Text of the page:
Note: All of the information on this form will become part of the public record.
You’ll need to include the following information on the Certificate:
- Filing party. Whoever fills out your Certificate of Organization.
- Filing party mailing address. Where they’ll mail confirmation that your documents have been processed.
- Company name. Needs to include “limited liability company” or an abbreviation.
- Principal address. Must be a physical street address.
- Mailing address. A P.O. Box is okay.
- Registered agent information. This is who will accept your legal mail. If your registered agent is an individual rather than a business, you’ll need to also list a physical address in Connecticut.
- Business email address. Check “none” if your business doesn’t have one.
- NAICS code. The number used to classify the type of business you’re starting. Go to the Census website and use the keyword search to find the classification that best fits your business.
- Organizer. The name and signature of whoever prepared your Certificate of Organization.
How can I keep my personal information off the public record?
The Connecticut Certificate of Organization is a public document—meaning the names and addresses you put on this form will be viewable online. Marketers are likely to get a hold of this information and send you junk mail.
To limit the amount of personal information you have to share with the world, it helps to hire a registered agent company that will put their name and address on state forms instead of yours wherever possible.
What’s the difference between a member-managed and manager-managed LLC?
If your LLC is member-managed, all of your LLC’s members will be involved in handling the daily operations of the LLC. If your LLC is manager-managed, your members will hire one or more managers to run the LLC. A member could manage a manager-managed LLC as long as they’re properly compensated. Whoever manages your LLC will have the power to hire and fire employees, sign contracts, and open a company bank account, among other things.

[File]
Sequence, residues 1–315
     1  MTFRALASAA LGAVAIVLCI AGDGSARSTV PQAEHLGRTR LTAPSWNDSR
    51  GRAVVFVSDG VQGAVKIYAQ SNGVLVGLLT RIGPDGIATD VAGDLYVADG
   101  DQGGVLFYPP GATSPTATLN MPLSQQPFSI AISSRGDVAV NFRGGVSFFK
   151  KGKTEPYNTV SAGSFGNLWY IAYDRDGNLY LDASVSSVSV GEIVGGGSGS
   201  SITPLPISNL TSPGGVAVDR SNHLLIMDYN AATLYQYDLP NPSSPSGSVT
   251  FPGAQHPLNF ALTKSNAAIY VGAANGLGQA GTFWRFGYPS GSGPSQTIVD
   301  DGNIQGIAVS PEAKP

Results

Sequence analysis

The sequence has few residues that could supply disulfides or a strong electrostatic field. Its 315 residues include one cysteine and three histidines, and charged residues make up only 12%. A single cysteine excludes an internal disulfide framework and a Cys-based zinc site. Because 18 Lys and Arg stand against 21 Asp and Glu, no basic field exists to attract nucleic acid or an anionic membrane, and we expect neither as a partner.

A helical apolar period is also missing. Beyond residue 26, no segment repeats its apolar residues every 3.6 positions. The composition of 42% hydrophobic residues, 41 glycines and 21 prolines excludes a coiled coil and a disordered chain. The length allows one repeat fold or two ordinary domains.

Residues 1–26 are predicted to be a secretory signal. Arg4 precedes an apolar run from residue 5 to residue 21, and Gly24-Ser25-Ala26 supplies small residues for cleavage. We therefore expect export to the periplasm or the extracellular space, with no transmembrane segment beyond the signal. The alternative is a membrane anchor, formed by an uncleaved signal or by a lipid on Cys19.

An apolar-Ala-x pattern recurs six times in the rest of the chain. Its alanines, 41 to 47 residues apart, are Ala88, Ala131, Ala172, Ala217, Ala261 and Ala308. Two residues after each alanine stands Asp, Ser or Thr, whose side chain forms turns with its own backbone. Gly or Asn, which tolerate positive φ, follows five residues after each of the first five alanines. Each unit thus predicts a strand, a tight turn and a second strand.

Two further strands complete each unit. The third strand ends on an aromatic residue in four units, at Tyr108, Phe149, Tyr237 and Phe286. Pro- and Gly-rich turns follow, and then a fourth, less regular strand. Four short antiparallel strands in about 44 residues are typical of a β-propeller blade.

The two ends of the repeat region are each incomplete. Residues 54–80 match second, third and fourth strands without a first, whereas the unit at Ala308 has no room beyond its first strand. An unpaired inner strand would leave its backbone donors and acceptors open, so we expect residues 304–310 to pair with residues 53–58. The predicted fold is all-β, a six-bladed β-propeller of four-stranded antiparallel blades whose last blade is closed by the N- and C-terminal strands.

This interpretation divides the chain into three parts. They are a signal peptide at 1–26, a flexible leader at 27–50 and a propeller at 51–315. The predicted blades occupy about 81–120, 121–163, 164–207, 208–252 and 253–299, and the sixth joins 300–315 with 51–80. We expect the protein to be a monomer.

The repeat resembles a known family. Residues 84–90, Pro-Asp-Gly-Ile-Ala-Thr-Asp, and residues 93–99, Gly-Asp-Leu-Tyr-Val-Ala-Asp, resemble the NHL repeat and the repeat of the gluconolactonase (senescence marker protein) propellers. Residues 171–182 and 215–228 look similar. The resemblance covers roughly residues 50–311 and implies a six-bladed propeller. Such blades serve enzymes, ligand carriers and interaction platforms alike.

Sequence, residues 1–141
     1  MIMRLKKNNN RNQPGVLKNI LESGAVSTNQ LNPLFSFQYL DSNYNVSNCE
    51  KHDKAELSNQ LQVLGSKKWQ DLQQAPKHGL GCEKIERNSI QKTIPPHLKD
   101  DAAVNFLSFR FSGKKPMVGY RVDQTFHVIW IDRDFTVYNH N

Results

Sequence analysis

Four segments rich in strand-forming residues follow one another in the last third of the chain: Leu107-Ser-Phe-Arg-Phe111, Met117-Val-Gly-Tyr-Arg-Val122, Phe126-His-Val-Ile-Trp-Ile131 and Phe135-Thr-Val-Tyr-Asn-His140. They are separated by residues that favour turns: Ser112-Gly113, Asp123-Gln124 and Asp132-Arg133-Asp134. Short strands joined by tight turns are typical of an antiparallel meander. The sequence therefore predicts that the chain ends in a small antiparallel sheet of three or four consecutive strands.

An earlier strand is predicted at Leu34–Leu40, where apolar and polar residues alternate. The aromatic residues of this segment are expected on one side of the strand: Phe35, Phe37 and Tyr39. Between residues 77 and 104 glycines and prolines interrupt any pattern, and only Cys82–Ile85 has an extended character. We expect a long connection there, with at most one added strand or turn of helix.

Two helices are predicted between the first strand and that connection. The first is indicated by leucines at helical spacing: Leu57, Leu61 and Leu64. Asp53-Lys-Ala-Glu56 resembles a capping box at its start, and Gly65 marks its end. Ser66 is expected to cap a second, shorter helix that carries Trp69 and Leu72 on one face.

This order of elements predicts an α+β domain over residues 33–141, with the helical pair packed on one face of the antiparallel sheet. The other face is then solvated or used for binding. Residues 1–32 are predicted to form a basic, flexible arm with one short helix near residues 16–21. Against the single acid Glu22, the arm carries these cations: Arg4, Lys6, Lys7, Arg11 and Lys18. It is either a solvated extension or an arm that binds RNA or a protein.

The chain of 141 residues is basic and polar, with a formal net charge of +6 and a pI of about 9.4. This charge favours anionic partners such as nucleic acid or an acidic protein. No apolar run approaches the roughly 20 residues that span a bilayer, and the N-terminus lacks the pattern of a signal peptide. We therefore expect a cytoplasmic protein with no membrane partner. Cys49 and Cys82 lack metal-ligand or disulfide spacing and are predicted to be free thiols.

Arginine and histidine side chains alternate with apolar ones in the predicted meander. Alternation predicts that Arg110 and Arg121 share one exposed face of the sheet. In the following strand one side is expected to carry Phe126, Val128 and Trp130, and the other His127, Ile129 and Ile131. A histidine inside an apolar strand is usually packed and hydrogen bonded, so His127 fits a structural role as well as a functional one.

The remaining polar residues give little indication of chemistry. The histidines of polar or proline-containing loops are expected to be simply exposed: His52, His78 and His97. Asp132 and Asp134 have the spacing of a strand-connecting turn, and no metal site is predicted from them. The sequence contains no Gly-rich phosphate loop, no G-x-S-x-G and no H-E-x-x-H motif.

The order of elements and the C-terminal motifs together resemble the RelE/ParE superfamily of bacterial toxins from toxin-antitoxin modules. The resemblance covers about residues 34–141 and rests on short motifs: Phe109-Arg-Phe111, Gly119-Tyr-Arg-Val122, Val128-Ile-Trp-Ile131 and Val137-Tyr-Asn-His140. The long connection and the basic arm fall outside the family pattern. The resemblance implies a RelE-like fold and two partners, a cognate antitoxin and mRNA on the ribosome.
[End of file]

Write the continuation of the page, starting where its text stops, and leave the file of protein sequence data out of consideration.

For help with deciding which management structure will work for you, see our page on LLC Member Vs Manager.
How do I file the Connecticut Certificate of Organization?
You can file your Certificate of Organization online, by mail, or in person.
Business Services Division
Connecticut Secretary of the State
P.O. Box 150470
Hartford, CT 06115-0470
Business Services Division
Connecticut Secretary of the State
165 Capitol Avenue, Suite 1000
Hartford, CT 06106
4. Write an LLC Operating Agreement
Your operating agreement is the guide to how your LLC functions. It’s where you keep a record of what each member contributed and establish rules for how you will distribute profits and losses, settle disagreements, and even eventually dissolve the business, among other topics. An operating agreement is an internal document, so you won’t need to file it with the state. However, drafting an operating agreement for your LLC is absolutely crucial.
Check out our attorney-drafted Connecticut LLC Operating Agreement.
Does Connecticut require an LLC to have an operating agreement?
Connecticut has some rules for what an operating agreement may and may not include—see CT Gen Stat § 34-243d—but there is no law in Connecticut requiring LLCs to have an operating agreement. Even so, adopting an operating agreement is essential for maintaining your LLC’s limited liability and is almost always necessary to open a business bank account.
Since operating agreements are internal documents, you don’t need to file yours with the Secretary of State. But if your business doesn’t have one, it will be governed by Connecticut’s default laws for LLCs. And you probably don’t want the government telling you how to allocate voting rights or profits.
What should be included in an operating agreement?
Ideally, your operating agreement will cover all the major situations your LLC is likely to handle—everything from the voting process to dissolution. Here are some of the topics operating agreements typically include:
- initial investments
- profits, losses, and distributions
- voting rights, decision-making powers, and management
- transfer of membership interest
- dissolving the business